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The United States and other major democracies face the most challenging geopolitical landscape in decades. The crises include a bloody battle for land in Eastern Europe that challenges the principle of territorial sovereignty, the risk of a Chinese invasion of Taiwan in the coming years and a brutal war in Gaza that could still spread.

We are in a new era, but how do we define it, and what is the fundamental threat?

Several recent books tackle this crucial question. New York Times White House and National Security correspondent David Sanger calls this historical moment “New Cold Wars.” He sees the U.S. defending the West against a rising China and resurgent Russia. CNN anchor and Chief National Security analyst Jim Sciutto calls it “The Return of Great Powers.”

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In her new book, the Atlantic’s Anne Applebaum takes a different, more sweeping view. We are not in Cold War 2.0, she argues, but a battle for the future world order against what she calls “Autocracy, Inc., The Dictators Who Want to Rule the World.

Autocracy, Inc., is not a club. There are no meetings like SPECTRE in a James Bond movie, where villains give progress reports on their kleptocratic gains and attacks on democracy. Instead, Applebaum writes, it is a very loosely knit mix of regimes, ranging from theocracies to monarchies, that operate more like companies. What unites these dictators isn’t an ideology, but something simpler and more prosaic: a laser-focus on preserving their wealth, repressing their people and maintaining power at all costs.

These regimes can help each other in ways large and small, Applebaum writes.

Countries such as Zimbabwe, Belarus and Cuba voted in favor of Russia’s annexation of Crimea at the United Nations in 2014. Russia gave loans to Venezuela’s authoritarian President Nicolas Maduro, while Venezuelan police use Chinese-made water cannons, tear gas and surveillance equipment to attack and track street protesters.

Of course, U.S. companies have also supplied authoritarian regimes. When covering the crushing of the democracy movement in Bahrain during the Arab Spring, I rummaged through bins of empty rubber bullet canisters made by a company in Pennsylvania.

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More recently and more alarming, though, have been China’s tacit support for Russia’s invasion of Ukraine and President Vladimir Putin’s June visit to North Korea, which the U.S. accuses of supplying weapons to Russia.

But Autocracy Inc., uses more than conventional arms to attack democracies. In order to retain power and build more wealth, autocrats also undermine the idea of democracy as a viable choice for their own people. Fearful of its former Soviet republics drifting further West – see Ukraine – Russia and its three main TV channels broadcast negative news about Europe an average of 18 times a day during one three-year stretch.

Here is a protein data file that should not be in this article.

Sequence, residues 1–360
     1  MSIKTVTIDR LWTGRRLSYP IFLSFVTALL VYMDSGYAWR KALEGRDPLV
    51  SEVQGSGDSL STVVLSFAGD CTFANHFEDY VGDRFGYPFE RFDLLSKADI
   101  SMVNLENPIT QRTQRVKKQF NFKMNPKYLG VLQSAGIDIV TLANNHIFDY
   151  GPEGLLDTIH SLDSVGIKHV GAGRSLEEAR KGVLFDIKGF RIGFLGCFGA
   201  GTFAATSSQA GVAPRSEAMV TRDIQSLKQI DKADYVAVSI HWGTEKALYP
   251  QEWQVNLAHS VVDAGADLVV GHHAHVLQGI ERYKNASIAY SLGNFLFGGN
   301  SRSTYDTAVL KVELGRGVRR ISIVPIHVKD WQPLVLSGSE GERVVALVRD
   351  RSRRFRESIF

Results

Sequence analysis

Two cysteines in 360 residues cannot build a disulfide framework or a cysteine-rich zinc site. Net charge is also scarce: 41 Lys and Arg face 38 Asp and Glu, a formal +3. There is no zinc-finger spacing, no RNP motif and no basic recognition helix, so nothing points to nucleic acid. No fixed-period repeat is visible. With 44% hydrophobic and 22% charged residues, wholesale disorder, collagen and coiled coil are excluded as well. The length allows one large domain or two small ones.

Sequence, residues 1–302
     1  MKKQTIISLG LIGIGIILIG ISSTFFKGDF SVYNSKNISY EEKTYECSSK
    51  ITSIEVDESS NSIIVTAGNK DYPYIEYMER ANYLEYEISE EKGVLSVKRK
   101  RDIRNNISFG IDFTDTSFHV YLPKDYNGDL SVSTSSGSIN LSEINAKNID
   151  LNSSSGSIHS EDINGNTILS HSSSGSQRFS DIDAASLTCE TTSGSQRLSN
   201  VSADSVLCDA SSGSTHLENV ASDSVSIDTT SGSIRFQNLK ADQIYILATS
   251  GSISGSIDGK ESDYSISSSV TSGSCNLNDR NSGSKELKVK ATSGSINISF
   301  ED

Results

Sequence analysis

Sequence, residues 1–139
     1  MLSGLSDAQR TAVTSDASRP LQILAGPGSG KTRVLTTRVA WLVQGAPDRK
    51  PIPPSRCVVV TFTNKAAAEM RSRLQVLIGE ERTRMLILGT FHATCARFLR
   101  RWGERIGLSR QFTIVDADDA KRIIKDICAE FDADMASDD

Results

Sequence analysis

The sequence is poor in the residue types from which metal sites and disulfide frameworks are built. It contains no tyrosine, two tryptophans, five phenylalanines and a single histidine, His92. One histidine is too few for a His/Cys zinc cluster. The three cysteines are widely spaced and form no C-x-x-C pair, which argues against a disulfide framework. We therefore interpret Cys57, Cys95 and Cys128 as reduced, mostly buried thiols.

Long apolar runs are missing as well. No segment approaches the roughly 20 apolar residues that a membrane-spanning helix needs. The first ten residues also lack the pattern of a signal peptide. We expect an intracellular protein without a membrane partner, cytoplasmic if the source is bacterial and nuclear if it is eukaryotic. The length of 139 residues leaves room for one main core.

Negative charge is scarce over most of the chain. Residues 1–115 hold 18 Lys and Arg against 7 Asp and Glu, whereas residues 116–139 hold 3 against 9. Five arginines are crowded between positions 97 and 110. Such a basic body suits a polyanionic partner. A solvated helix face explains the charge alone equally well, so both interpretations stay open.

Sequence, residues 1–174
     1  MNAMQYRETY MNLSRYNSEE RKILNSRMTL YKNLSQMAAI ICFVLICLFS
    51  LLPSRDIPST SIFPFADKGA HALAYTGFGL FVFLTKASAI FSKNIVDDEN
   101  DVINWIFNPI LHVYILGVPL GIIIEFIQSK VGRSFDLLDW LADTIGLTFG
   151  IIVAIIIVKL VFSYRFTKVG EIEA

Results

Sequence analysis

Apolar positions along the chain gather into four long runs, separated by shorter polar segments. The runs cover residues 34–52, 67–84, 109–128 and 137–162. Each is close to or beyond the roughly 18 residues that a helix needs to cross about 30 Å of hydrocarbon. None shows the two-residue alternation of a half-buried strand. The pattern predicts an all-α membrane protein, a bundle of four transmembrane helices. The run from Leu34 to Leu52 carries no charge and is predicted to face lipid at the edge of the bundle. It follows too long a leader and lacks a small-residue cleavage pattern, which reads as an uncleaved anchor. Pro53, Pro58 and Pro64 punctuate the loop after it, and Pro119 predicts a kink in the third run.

Autocracy, Inc.

China extends its message through local media and helps other dictatorships. After satellite networks dropped Russia Today – RT – following the invasion of Ukraine, China’s StarTimes satellite picked up RT and put it back into African households, where it could spread Moscow’s anti-Western, anti-LGBTQ message, which resonates in many African nations.

The goal is not to persuade people that autocracy is the answer, but to encourage cynicism about the alternative. Applebaum says the message is this: You may not like our society, but at least we are strong and the democratic world is weak, degenerate, divided and dying.  

How did the world end up here?

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Applebaum is strong on how Western misjudgment and greed enabled and empowered autocrats over the decades. A working theory in Washington and Berlin was that greater economic integration and dependency between the West and China and Russia would serve as a glue and deterrent, making conflict too costly. But Europe’s dependence on Russian gas predictably backfired. Moscow used it as a source of blackmail following the invasion of Ukraine.

Meanwhile, corporate America’s heavy investment in China helped fuel the country’s extraordinary economic rise, but didn’t lead to the desired political results. Instead of becoming a more liberal, Western-friendly regime, the Communist Party became a more powerful rival. Among other things, Beijing used its new wealth to build islands in the South China Sea and a blue-water navy to challenge America’s.

At just over two hundred pages, Applebaum’s book is slender. She might have done more to detail the boomerang effect of globalization. When American companies exported jobs to China, they cut labor costs, boosted profits and lowered prices for consumers. Those business decisions devastated communities built on everything from auto plants to furniture factories.

That sowed the seeds for the populist backlash in 2016 that continues to roil the country to the benefit of America’s authoritarian opponents.

What is to be done? First, make life harder for dictators.